The Villa


In the north of Laracha and forming part of the Bergantiños region, we find the small parish of Caión, whose full name is Santa María do Socorro de Caión. It is a typical Galician fishing village of small size, where all its neighbours know each other, as there are no more than 821 inhabitants living in its 4.75 square kilometres of surface area, distributed among its six population entities.


Caión used to be an important harbour in the whaling business, but right now focuses on activities such sports as surfing, paddlesurf, kayak..

To know the history of Caión we must go back to the Middle Ages, where the origin of this coastal town dates back to the first settlements of people who were dedicated to fishing. It was in the middle of the 16th century when Basque sailors arrived in the town to hunt whales, as recorded by Licenciado Molina in his “Description of the Kingdom of Galicia” in 1550, where he documented the existence of the whaling port of Caión.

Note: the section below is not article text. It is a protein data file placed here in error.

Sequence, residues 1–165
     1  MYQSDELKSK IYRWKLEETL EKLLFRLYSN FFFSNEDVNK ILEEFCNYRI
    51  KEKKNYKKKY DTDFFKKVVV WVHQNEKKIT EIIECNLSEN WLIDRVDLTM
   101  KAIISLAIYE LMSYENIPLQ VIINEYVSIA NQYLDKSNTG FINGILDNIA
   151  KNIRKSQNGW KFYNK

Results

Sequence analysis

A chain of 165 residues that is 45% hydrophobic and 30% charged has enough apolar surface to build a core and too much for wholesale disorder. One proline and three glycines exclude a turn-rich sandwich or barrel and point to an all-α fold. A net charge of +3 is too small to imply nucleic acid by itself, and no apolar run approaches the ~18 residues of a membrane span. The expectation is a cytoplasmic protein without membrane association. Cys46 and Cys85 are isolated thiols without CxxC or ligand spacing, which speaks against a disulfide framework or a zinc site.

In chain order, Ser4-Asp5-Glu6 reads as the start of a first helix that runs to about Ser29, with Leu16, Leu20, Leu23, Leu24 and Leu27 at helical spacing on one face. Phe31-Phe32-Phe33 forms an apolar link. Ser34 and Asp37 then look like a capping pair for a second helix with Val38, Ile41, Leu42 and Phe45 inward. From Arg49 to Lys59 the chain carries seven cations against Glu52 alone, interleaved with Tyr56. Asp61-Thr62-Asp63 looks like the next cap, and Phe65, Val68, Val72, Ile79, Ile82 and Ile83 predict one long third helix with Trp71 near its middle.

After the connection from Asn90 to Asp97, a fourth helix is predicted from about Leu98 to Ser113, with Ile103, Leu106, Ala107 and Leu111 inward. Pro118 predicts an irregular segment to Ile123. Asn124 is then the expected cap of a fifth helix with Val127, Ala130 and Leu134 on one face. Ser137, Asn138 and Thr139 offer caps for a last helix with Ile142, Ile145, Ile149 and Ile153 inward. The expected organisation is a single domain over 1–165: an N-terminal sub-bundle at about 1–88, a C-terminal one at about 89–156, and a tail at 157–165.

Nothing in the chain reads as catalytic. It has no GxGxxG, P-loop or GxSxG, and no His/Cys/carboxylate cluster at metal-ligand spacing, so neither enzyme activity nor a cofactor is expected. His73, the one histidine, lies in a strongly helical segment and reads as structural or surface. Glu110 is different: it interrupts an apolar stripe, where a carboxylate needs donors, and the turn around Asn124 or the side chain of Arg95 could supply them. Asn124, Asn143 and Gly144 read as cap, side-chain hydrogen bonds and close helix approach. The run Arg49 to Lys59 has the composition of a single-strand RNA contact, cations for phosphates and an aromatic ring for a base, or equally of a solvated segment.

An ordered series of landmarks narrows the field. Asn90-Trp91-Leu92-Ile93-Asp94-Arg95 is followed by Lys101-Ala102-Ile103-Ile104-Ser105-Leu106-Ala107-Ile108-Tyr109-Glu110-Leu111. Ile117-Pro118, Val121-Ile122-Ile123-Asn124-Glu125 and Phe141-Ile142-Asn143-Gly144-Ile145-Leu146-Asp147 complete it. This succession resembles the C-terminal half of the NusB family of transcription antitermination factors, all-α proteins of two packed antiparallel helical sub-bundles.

This was the peak of whaling off the Galician coast, an activity that would continue until the end of the 19th century, as described by the historian Felipe Valdés Hansen in his book “Los balleneros en Galicia” (The whalers in Galicia) and which can be seen more visually in the documentary “La memoria del arpón” (The memory of the harpoon), about whaling in Spain.

In the case of Caión, whaling or whaling was carried out by Basque and Caionese fishermen between the 16th and early 18th centuries, focusing on the Basque whales that came to this stretch of sea, the so-called Eubalaena glacialis. This activity generated an important commercial movement in the area, being a source of work for the inhabitants of Caión and the nearby towns.

This was a great period for Caión, which remembers its whaling past with the presence of a whale on the coat of arms of its town hall.

Later, with the ceasing of cetacean hunting, the town turned to purse seine fishing and the capture of octopus and goose barnacles. In the 20th century, fish salting factories sprang up, mainly sardines and anchovies.



Scroll to Top
× Hello!